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Since July 2011, there has been a beta release of LM Math. Some people seem to be quite excited about this. The release announcement states that this release

...completes the modernization of the Computer Modern family of typefaces .... the modernization was incomplete without the math fonts of the Comupter Modern family

I understand many reasons to use the lmodern text fonts:

As far as I can tell, none of these advantages apply to the LM Math fonts. So my question is, why did the GUST team feel the need to produce new math fonts? As far as I can tell the only advantage that they quote on their release announcement is that they are "modern", but I fail to find "new" a compelling argument. Why would I use a newer, less-tested font (that, if it is anything like the other LM fonts, is likely less well-hinted than bluesky/ams/y&y CM)?

I understand that this in an early beta release, so it is not suprising that there is not much (any?) documentation or rationale accompanying the fonts, but I hope someone here knows the reason for them.

EDIT: I looked a bit harder, and I saw that my installation of the lm package, version 2.004, 30.10.2009 already includes math fonts. In LaTeX I can use them by default \usepackage{lmodern}, or not by \usepackage[nomath]{lmodern}. The README says that these 20 math fonts are "at the moment a duplicate of PL math fonts", which presumably refers to these fonts. So, presumably, this new LM Math release is to replace these PL math fonts with something else. So, in addition to my question about what was wrong with the bluesky/ams/y&y CM math I'd also be interested to know: what was wrong with the PL math fonts?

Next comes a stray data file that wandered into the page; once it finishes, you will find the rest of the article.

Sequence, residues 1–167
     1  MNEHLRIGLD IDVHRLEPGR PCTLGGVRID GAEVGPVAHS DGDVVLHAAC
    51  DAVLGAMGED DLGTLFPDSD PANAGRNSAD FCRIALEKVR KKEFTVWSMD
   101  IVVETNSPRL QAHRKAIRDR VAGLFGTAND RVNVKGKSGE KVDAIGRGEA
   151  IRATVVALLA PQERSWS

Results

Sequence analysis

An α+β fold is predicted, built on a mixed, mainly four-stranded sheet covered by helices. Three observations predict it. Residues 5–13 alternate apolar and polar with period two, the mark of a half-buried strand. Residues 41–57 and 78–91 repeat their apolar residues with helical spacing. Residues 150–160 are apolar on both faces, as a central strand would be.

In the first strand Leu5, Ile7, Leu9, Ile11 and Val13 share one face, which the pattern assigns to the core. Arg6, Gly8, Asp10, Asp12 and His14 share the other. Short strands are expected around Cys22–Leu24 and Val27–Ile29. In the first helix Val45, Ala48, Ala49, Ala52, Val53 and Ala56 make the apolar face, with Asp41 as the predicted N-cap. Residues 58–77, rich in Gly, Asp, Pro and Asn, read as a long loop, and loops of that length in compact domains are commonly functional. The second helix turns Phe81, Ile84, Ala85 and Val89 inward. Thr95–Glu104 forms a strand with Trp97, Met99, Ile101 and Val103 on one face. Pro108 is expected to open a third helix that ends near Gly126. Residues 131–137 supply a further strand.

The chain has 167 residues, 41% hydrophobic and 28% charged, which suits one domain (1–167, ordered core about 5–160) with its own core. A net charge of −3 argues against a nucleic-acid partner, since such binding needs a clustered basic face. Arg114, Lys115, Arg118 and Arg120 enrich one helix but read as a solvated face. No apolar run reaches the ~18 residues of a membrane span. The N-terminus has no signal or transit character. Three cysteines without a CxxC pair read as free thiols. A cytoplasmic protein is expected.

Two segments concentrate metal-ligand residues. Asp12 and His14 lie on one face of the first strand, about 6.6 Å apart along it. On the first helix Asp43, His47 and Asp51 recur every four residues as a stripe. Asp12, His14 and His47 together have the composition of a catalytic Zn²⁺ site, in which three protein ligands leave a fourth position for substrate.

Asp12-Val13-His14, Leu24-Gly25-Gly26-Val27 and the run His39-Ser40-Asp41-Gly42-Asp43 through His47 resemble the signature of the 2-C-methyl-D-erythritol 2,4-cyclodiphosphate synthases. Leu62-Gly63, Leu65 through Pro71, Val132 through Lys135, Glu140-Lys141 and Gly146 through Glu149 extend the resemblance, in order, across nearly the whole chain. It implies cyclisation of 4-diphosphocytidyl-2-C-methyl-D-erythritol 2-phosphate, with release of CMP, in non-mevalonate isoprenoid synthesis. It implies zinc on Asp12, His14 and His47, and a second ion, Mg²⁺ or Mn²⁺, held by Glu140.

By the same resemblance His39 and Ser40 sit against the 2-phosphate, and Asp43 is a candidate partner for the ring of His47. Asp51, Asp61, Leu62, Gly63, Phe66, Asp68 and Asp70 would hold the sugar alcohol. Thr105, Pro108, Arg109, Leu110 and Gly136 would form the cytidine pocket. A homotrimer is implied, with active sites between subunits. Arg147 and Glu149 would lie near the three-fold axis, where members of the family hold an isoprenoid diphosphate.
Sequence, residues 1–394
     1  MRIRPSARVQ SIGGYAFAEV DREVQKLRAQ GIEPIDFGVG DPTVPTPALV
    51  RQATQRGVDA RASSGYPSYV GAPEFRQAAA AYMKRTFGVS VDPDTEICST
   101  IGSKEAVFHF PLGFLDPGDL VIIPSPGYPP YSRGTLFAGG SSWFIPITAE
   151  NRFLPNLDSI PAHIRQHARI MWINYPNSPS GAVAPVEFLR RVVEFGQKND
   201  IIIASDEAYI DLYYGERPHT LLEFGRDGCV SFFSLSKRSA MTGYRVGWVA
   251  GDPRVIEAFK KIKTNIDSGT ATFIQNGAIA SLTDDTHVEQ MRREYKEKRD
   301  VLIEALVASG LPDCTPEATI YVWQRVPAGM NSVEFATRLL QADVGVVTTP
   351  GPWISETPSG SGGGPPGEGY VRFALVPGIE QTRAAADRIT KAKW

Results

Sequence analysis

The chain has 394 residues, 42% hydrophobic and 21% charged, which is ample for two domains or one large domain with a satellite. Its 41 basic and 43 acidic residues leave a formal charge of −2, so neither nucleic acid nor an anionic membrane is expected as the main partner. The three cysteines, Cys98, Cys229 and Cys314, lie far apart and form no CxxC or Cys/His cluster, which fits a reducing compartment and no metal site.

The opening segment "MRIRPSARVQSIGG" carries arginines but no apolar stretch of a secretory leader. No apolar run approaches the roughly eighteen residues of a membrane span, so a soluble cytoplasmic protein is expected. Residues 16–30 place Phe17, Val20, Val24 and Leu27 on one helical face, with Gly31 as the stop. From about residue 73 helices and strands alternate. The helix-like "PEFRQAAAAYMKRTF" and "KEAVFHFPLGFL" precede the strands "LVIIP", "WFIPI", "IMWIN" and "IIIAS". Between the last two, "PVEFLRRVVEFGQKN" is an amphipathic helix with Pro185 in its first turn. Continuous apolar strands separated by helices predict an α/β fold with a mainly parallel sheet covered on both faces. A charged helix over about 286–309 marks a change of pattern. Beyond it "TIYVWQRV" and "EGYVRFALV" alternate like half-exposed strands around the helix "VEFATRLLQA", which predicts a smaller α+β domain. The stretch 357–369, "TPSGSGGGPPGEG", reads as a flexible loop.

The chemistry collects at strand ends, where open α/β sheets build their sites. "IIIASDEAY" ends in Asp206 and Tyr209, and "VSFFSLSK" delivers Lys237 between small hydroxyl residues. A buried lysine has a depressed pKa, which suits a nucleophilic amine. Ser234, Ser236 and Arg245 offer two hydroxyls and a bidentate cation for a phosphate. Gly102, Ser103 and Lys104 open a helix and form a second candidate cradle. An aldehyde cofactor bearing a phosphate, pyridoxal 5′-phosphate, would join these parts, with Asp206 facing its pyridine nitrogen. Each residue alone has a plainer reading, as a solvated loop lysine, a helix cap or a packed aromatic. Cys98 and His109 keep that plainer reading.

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Well, you can use LM Math in Microsoft Office or other softwares. That's an advantage for many people. –  Leo Liu Aug 11 '11 at 10:16
    
@Leo, true, but the excited posting from Marcin Borkowski I linked at the beginning describes that as a "downside", so I'm presuming there is also some good advantages for TeX users. –  Lev Bishop Aug 11 '11 at 21:16
    
Hah, just found this post. Well, it was kind of a joke from my side, please don't take it too seriously! –  mbork Mar 7 '12 at 15:15
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2 Answers

The LM Math fonts are available in OTF Math format. As such they are usable with unicode-math and ConTeXt Mk IV. So you can finally use LM when using Xe/LuaTeX + unicode-math or ConTeXt (as LM + STIX Math just looks horrible). Presumably they also added additional symbols as Unicode defines lots of math symbols that aren't available in the CM math fonts.

As I read the announcement, you can't use the fonts without an OTF capable TeX engine. So with pdflatex, you have to continue to use the old fonts anyway (see the comments for a qualification of this statement).

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Actually, pdftex can use OTF (although it will not subset the glyphs). For example, the LM-Math can be accessed in plain tex with \pdfmapline{+test LMMath-Regular <<LMMATH-v0903.otf}\font\tst=test\tst testing\bye. (I constructed test.tfm with LCDF typetools and the commandline otftotfm -n test --no-encoding --no-map LMMATH-v0903.otf). Presumably that's not enough to use the mathematical features of the font, but it does show that you can use otf with pdftex. –  Lev Bishop Aug 10 '11 at 20:08
    
The Xe/LuaTeX + unicode-math part, I think I understand. The ConTeXt part, I do not. As far as I can tell ConTeXt always supported LM and math: for example \starttext $x^2$\stoptext produces a PDF that uses the font LMMathItalic12-Regular (I used context live to check this). –  Lev Bishop Aug 10 '11 at 20:55